Examples of Friendship
An assembly from the Culham St Gabriel archive
Suitable for Whole School (Sec)
To consider the meaning of friendship using stories from the Bible.
Preparation and materials
You will need a leader and three readers, who will need time to rehearse prior to the assembly.
Have available the following poems and the means to display them or show videos of them during the assembly if required:
- ‘Best friends’ by Adrian Henri, available at: https://tinyurl.com/y6uff52m (1.06 minutes long)
- ‘Friends’ by Elizabeth Jennings, available at: https://tinyurl.com/y982q4jr or https://www.youtube.com/watch?v=-D-DBfSVVJo (0.44 minutes long)
- ‘A friend’ by Rachael Marshall
Leader: Today, we are going to hear two stories from the Bible. I know some of you will be turning off already, but these stories are about friendship, and we all have friends.
Reader 1: Let’s start with a poem by Adrian Henri. (Reads the poem ‘Best friends’ by Adrian Henri or plays a recording of the reading at: https://tinyurl.com/y6uff52m)
Reader 2: With that in mind, let me tell you about David and Jonathan. The story of this friendship is in the Bible and happened over 3,000 years ago.
You may have heard of David. The story of him killing the mighty giant warrior, Goliath, with a slingshot is very well known. David was only a shepherd boy, but after he killed Goliath, he was immediately famous throughout Israel. Saul, the king of Israel, had not had to fight Goliath because David had volunteered, so he took David into his household. It was a new way of life and David became friendly with Saul’s son, Jonathan.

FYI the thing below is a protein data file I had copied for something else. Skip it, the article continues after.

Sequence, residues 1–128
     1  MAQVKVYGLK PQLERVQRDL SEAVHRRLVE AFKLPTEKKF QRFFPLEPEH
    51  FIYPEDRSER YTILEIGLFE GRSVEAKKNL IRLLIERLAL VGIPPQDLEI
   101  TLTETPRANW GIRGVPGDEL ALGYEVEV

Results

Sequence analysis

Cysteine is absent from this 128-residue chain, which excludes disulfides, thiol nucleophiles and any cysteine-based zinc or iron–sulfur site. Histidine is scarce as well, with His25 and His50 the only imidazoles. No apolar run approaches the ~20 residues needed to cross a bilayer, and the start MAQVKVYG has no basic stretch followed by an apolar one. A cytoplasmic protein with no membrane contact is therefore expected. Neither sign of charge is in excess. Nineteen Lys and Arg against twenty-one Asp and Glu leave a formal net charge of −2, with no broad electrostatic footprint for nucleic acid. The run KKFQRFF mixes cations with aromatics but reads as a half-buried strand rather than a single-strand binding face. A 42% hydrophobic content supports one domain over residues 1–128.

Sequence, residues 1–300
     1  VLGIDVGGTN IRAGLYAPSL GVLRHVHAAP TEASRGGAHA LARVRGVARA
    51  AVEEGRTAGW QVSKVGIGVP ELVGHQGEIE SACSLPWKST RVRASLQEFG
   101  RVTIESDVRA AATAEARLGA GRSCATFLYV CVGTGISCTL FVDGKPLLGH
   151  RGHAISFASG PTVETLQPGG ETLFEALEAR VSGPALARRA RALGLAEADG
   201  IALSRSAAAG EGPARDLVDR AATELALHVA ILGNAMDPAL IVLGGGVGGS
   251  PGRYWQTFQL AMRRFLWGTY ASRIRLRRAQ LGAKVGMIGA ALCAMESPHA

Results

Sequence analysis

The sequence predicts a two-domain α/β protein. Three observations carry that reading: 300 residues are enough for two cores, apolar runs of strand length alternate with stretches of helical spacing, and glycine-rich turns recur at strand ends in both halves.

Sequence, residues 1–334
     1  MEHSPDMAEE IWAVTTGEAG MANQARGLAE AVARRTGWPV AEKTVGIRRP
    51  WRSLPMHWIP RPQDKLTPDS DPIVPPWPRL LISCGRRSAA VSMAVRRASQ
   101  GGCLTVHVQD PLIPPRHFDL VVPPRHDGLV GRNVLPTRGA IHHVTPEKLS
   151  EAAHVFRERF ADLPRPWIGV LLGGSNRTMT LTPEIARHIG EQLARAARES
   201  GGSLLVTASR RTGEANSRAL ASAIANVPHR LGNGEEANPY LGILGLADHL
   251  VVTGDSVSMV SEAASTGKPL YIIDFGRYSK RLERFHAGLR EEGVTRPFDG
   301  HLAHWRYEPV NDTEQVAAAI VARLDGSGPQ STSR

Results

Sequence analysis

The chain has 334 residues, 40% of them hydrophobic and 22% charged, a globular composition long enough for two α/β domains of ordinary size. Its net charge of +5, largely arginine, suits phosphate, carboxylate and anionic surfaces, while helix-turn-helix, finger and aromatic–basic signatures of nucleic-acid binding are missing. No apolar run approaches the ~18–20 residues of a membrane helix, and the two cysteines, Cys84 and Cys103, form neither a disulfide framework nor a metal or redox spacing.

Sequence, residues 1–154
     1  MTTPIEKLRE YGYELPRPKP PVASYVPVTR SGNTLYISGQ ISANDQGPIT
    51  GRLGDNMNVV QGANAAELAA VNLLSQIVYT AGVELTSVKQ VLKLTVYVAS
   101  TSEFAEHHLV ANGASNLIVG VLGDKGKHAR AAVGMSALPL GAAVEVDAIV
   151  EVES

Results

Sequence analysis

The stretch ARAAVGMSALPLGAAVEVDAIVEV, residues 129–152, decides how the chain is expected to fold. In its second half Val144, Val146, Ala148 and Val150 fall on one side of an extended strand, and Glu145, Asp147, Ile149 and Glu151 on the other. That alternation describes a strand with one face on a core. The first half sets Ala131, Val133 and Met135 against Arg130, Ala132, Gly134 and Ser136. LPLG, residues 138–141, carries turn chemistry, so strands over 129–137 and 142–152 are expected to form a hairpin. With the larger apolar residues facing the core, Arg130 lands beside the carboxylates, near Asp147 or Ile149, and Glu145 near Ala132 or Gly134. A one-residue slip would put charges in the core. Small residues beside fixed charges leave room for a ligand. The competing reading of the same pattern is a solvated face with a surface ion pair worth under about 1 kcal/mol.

Reader 3: David and Jonathan became very close - like blood brothers or soulmates. Best friends. But Saul started to become jealous of David because he was so popular with the people. In fact, he was so jealous that he started to plot to have David killed. Jonathan was horrified at what his father was doing. How could his father want to kill his best and closest friend? He tried to warn David and protect him.
Leader: It all became too much. So, David and Jonathan made a pact of eternal friendship, swearing loyalty to each other - something so strong that nothing could ever destroy it. Then Jonathan, the dutiful son, went back to his father and David went on his way, later becoming king of Israel himself. When Jonathan was killed in battle, David wrote a poem about Saul and Jonathan, saying how sorry he was. You can read it in the Bible (2 Samuel 1.17-27). Near the end of the poem, he writes: ‘I am distressed about this, Jonathan, my brother. You were so good to me and we enjoyed a great friendship.’
Reader 1: Sometimes, friendships can make us jealous. They become special to us and we don’t want anyone to interfere. MY friend, MY relationship.
Reader 2: This next poem is called ‘Friends’ by Elizabeth Jennings. (Reads the poem ‘Friends’ by Elizabeth Jennings or plays a recording of the reading at: https://www.youtube.com/watch?v=-D-DBfSVVJo)
Reader 3: I hope we all have a friendship that is just as strong, but there are other sorts of friendship. Sometimes, we have friends with whom we get on OK, but nothing as powerful as David and Jonathan’s friendship. There are close friends like David and Jonathan, but most of us have other friends that we have for different reasons. Maybe we play sport together, have a similar interest or live near each other.